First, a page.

In 2022, Ukraine has already experienced new malware designed to erase data right before they were invaded by Russian troops. In the first 10 weeks of this year, Ukraine was attacked with almost 200 cyberattacks with hackers first disabling around 70 government websites in Ukraine. The FBI ultimately had to ask U.S. companies to alert them to “any increased (cyber)activity against Ukraine or U.S. critical infrastructure” and activate a “shields up” alert.
Explaining the Increase in Cyberattacks
In March, the world experienced more than 6 billion cyberattacks worldwide in a single 24-hour period. Russia and Ukraine were the heaviest hit, although the war with Ukraine is likely serving as a live testing ground for Russia’s next generation of cyber weapons. One of the main reasons Russia is using Ukraine as a testing ground is possibly due to the country’s tech infrastructure being fairly similar to Western Europe and the U.S. but with limited resources for counter-attacks.
The number of cyberattacks have significantly increased over time. For example, suspected Russian hackers disconnected electricity for more than 200,000 customers in western Ukraine. This year, the E.U. and U.S. offered cyber defense support to Ukraine, but cyberattacks are predicted to not stay within the country’s borders. Another approach to counter-attacks involves pro-Ukraine hackers targeting websites in Russia to induce chaos and panic.
The process usually involves scanning sections of the internet for vulnerable devices and then having malware attack automatically where it’s likely to cause the most damage. These attacks are typically predicted to bring collateral damage across borders. In recent years, about half of U.S. tech execs are admitting state-sponsored cyber warfare is one of their biggest fears with more than 30% of U.S. tech execs stating that we should prioritize establishing a national cybersecurity protocol.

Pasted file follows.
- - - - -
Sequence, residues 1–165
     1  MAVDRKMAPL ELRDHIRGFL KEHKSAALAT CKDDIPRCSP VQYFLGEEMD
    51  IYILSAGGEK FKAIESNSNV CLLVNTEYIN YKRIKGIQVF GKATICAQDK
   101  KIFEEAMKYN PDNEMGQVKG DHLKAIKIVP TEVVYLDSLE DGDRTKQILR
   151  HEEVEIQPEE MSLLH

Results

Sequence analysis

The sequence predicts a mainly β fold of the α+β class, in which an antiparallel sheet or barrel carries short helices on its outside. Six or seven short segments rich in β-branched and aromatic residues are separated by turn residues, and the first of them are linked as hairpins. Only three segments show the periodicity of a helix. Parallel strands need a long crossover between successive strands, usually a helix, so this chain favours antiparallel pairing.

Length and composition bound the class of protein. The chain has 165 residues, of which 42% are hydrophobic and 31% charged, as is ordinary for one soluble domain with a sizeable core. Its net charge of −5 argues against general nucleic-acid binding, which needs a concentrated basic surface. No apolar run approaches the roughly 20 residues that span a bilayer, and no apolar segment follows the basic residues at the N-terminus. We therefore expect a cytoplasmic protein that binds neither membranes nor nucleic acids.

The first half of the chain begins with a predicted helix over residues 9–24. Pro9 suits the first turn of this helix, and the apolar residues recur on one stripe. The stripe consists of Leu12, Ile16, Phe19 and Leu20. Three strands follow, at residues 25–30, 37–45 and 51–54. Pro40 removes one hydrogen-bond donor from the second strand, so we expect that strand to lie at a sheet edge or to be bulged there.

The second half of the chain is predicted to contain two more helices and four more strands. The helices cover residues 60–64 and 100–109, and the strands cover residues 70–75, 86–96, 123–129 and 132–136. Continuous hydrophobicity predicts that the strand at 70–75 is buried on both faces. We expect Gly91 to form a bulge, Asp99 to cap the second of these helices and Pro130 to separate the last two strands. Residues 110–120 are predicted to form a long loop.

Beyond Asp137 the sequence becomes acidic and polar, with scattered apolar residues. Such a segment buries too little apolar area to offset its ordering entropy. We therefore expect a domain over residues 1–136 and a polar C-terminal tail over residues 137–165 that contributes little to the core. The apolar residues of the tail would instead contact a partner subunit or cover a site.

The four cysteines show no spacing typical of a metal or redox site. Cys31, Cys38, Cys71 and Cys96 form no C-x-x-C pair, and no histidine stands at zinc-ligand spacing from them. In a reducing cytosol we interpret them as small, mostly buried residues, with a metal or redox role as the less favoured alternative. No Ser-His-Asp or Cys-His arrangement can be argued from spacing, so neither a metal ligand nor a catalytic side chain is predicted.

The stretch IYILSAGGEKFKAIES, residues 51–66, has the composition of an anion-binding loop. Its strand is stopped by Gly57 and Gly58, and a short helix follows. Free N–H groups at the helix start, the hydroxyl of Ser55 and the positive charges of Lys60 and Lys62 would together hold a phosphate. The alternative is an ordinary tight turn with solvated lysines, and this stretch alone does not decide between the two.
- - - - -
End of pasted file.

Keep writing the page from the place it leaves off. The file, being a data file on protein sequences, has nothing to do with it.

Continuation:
If a Serious Cyber War Breaks Out, What Would it Look Like?
These days both our network and physical infrastructure security are at greater risk of breaches and hacks. The pandemic has only increased the potential for damage from cyberthreats due to the amount of information now being stored in the cloud and services being provided through digital means. Remote work has also become more common with people using home networks and personal devices that are not tightly secured.
There are a few differences between a cyberattack and a cyber war. Usually, cyberattacks have been less critical, probably due to them being tests for new cyberweapons. However, cyberattacks are still capable of shutting down electrical grids, causing various power infrastructures to explode or self-destruct, and destroy technology, including steel mills, gas pipelines, and centrifuges. A serious attack could affect many targets at once, magnifying the destruction.
On the other hand, a cyber war has the potential to have an impact similar to that of a natural disaster. For example, getting rid of a power grid could result in similar conditions to the 2021 Texas Freeze. This can involve widespread damage caused by frozen and burst pipes, loss of electricity, shortage of food, less access to water, and more than 200 deaths. In the U.S. only 19% of Americans are completely confident the government can protect its citizens from cyber warfare.
Many people believe the U.S. is the most secure for cyber war attacks. Nonetheless, most of potential cyberattacks are distributed denial of service (DDoS) attacks, which aim to make a resource unusable by the masses. Americans in particular are worried about losing access to finances, cell service, and running water. Thus, Americans have already started to take action to protect themselves from cyber warfare, which includes updating all software on their computers, backing up important documents, and having cash reserves.
It’s more applicable than ever to prepare yourself for a possible war.